I drive a diesel (thank you for your sympathy – you’re too kind). When I bought it off a friend of mine, he said to me: ‘the great thing about diesels is that even though the fuel is slightly more expensive than petrol, it gets better mileage, so you’re still better off.’ As he walked away, I thought I heard him laughing. And about thirty seconds later, the credit and housing bubbles burst, setting in motion the economic disruption that has resulted in what you read about in the news every day and I cry myself to sleep about every night: the upward-spiralling price of diesel.

I may be exaggerating a little. My friend, of course couldn’t have known that diesel would fast become more expensive and impractical as a fuel than gold-extract or panda-juice. And, of course, it’s about more than diesel.

But the fact is that the economic crisis hitting much of the first and developing world (but for which, in the UK, our Prime Minister is personally blamed) is making news because its implications affect everybody.

Fuel prices have shot into the sky like black gold from a new and profitable well (with Tories using the opportunity to parade greenwashed rhetoric while rejecting actual environmental measures in Europe and at home). Food prices have ballooned like the waistlines of the average western consumer and for weeks the news has focused on little else. Last week the chancellor asked workers not to demand pay-rises that keep pace with inflation (because those costs will be passed on to consumers, necessitating more pay hikes). Gordon Brown asked oil producing countries to dig deep and produce more. Analysts and economists all over the UK predicted ‘austerity Britain’, where lack of disposable income would cause a retail slow-down.

And, yet, according to news last week, shop sales last month increased by the largest amount they have done in 20 years. That is to say: people have been spending record amounts, despite economists telling us that they wouldn’t. What does this tell us? Well, for one thing, that economists are not always right. And the reason is simple. Economics, as it influences our lives, is a pseudo science, based on specific philosophical assumptions every bit as biased as if the economists we saw on tv were all raging Marxists.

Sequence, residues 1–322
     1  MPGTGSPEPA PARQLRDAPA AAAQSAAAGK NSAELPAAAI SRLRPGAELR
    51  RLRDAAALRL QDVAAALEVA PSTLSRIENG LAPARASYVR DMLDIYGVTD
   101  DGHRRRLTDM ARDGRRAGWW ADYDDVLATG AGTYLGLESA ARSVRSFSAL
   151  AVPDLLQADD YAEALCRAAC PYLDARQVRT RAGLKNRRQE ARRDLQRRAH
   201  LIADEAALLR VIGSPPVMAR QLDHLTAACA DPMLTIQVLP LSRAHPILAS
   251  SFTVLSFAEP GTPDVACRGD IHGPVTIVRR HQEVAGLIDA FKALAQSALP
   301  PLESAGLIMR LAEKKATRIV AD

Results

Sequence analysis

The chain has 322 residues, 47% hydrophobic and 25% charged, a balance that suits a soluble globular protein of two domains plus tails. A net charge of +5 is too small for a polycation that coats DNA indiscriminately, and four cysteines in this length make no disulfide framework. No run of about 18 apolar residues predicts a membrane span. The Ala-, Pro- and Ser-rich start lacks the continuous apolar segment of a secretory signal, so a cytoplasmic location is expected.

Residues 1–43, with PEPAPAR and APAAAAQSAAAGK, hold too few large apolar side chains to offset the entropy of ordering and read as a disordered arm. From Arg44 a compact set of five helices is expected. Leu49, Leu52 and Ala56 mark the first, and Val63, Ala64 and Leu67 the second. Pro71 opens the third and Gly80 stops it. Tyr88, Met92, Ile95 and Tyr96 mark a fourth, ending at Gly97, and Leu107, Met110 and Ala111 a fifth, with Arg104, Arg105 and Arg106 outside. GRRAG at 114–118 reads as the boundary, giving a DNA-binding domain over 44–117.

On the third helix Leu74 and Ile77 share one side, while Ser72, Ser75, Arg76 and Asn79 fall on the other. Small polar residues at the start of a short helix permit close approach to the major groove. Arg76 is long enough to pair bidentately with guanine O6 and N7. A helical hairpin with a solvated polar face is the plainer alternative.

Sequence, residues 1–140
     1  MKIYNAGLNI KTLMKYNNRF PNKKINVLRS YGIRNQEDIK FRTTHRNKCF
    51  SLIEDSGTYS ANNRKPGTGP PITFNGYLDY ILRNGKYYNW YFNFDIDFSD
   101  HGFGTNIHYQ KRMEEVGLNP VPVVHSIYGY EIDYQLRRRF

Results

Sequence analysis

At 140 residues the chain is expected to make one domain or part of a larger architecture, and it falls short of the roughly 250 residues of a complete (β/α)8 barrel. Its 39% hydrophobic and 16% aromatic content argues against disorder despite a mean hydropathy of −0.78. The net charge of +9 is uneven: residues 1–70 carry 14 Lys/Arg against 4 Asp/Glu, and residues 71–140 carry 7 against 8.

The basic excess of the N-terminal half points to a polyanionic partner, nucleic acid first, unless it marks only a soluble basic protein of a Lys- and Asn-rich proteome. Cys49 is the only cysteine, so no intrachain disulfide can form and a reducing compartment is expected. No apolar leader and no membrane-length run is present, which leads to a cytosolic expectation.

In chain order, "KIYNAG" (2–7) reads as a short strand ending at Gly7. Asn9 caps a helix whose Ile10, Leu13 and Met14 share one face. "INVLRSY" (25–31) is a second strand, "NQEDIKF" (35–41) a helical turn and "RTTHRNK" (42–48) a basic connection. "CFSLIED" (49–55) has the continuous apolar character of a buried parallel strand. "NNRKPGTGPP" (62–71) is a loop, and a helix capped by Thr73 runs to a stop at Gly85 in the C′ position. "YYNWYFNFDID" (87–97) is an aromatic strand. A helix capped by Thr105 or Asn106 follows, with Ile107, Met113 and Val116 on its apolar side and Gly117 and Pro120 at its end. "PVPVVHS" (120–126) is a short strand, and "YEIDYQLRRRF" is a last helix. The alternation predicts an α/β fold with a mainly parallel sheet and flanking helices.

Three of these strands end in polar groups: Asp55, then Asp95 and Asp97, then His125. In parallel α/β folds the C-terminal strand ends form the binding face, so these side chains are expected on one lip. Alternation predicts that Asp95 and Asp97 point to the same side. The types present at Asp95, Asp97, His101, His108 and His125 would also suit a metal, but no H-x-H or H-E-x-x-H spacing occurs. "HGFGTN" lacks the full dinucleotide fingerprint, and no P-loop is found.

This economics that tells us what is good for our society and our world is the same, neo-classical system that has for years been telling us that unlimited growth (in production, which means in how much we extract from the earth and pump into the atmosphere and dump in landfill) is not only eternally possible, but desirable. This economics has been telling us how well we’ve been doing as we poured more and more CO2 into the atmosphere, crippled developing countries with unfair trade relationships and employed slaves to make most of what we impulse-buy.

It has encouraged a headlong stampede into consumerist culture, where every experience is mediated by a commercial transaction, where consequently we measure happiness in possessions and individual potential in the extent to which we worship money. And now it has assumed that ordinary people, drunk on advertising, full of artificially created desires and ‘needs’, will let the invisible hand of the market direct their behaviour. What were people buying last month? Necessities? Food for their children? No. Bikinis; Grand Theft Auto computer games; flat-screen TVs and new mobile phones.

Obviously economists have some things right. But Christians should beware of trusting philosophies or systems whose entire existence is based on greed, self-interest, and ‘growth’ that means treating every earthly resource, including people, as disposable, for the sake of profit.

For an introduction to one of  several alternatives, watch this:


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